Interview with Majority Whip James Clyburn

Interview with Majority Whip James Clyburn

By The Situation Room - March 24, 2010

BLITZER: Reaction to the passage of health care reform is turning eerily sinister right now. Several House Democrats say they've been threatened, and some of their offices have been vandalized. Capitol hill police have briefed lawmakers on what precautions they need to take right now to protect themselves and their families. Let's go to Capitol Hill, the House Majority Whip, the number three Democrat in the House of Representatives. James Clyburn is joining us from South Carolina. Congressman, thanks very much for coming in.

REP. JAMES CLYBURN, (D) MAJORITY WHIP: Thank you so much for having me, Wolf.

BLITZER: I wish it were under different circumstances. But listen to this voice mail, this audio, that was left in the office of voice mail of Democratic Congressman Bart Stupak of michigan, who is fiercely anti-abortion, but voted for the health care bill.


VOICE OF UNKNOWN FEMALE: Congressman Stupak, you are one big piece of human (EXPLETIVE WORD). And think about this, there are millions of people across the country who wish you ill, and all of those thoughts projected on you will materialize into something that's not very good for you. We don't have to do anything but sit back and wish. Go to hell, you piece of (EXPLETIVE WORD).


BLITZER: All right. How big of a problem, Congressman, is this? I know you've been briefed by law enforcement, Capitol Hill police, among others.

CLYBURN: I had a long chat a few minutes ago with Bart Stupak as well. You know, Wolf, I have seen this before. These kinds of things happen when people in positions of authority do not do what they can to tamp this down. We saw the other day, Sunday, members on the floor cheering when people were up in the balcony, cheering. That should not be. We're giving aid and comfort to these people, and this stuff gets ratcheted up. We, in this Congress, have got to come together in a bipartisan way and tamp this foolishness down. It doesn't make sense. That's not what a democracy is all about.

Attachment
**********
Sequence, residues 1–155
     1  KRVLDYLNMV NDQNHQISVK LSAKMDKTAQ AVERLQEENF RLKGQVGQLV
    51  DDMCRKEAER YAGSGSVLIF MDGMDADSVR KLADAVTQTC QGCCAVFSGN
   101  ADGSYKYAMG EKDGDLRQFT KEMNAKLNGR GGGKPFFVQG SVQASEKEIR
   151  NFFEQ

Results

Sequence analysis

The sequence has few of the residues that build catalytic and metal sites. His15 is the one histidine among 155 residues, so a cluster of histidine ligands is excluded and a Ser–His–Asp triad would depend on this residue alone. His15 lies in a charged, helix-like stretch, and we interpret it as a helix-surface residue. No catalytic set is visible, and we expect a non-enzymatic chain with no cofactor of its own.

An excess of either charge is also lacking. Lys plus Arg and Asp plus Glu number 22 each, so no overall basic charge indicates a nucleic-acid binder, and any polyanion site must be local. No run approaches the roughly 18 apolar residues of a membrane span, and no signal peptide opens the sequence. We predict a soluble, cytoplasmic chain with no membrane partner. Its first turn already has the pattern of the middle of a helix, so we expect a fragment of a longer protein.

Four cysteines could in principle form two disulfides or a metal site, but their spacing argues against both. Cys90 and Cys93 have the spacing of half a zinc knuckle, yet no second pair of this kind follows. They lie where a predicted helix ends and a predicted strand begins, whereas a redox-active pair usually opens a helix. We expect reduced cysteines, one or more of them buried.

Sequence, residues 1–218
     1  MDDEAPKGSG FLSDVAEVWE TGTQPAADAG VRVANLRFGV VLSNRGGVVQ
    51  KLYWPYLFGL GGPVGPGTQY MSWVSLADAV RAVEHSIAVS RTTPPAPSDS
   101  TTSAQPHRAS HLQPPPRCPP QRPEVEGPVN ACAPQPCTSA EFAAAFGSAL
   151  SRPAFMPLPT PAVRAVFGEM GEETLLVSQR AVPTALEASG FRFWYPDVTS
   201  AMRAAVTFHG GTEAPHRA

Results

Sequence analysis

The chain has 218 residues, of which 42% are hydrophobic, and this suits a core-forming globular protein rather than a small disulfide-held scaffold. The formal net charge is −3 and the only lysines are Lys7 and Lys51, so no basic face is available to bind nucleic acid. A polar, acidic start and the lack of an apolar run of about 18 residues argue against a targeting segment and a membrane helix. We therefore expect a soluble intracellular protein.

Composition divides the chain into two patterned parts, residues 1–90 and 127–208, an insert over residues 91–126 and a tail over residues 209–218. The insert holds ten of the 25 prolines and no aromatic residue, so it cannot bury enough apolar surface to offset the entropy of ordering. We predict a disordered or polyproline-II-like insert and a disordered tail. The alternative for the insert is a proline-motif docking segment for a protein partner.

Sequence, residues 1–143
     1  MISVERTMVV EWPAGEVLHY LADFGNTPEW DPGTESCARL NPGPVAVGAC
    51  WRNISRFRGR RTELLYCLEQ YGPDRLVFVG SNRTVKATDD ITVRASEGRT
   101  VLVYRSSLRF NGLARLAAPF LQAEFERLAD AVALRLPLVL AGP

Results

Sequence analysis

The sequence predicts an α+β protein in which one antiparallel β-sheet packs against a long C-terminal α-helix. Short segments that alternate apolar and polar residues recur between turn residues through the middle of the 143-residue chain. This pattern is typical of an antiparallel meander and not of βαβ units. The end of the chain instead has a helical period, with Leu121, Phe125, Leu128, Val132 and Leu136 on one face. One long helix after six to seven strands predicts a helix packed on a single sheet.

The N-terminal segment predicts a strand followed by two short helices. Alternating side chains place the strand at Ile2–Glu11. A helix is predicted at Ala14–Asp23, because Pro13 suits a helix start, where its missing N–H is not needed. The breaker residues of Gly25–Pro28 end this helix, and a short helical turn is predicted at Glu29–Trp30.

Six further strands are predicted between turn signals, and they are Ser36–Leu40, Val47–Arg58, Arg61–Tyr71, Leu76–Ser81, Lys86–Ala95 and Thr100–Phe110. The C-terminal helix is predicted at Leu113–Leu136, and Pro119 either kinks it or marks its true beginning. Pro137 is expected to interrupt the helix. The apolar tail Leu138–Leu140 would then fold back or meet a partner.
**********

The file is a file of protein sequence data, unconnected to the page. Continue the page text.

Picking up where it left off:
BLITZER: I know that your office received a fax with a picture of a noose on that fax.


BLITZER: Are you among those Democrats right now who are receiving extra security protection?

CLYBURN: No. They never tell me when it gets up or down. But as the majority whip, I do have security, that protection, and I don't know exactly whether they've ratcheted it up or not.

BLITZER: Who are the others? There's, like, ten members, ten Democrats, who are receiving --


BLITZER: Extraordinary security protection right now, is that right?

CLYBURN: I think it's more than that. I know -- I think I know of more -- more than ten. That's been receiving these kind of threats. You may recall last august, people had a swastika painted on their offices. They received phone calls in their office, and the same kind of thing. The problem is when that stuff was out there in the congressional districts, it seemed to be a little bit isolated. But all those people from all those congressional districts came here to Washington on Saturday, and it became centralized, and they all targeted on those office buildings over there, and, you know, all it takes for one misstep, somebody overreacts to something, and you've got a very serious problem.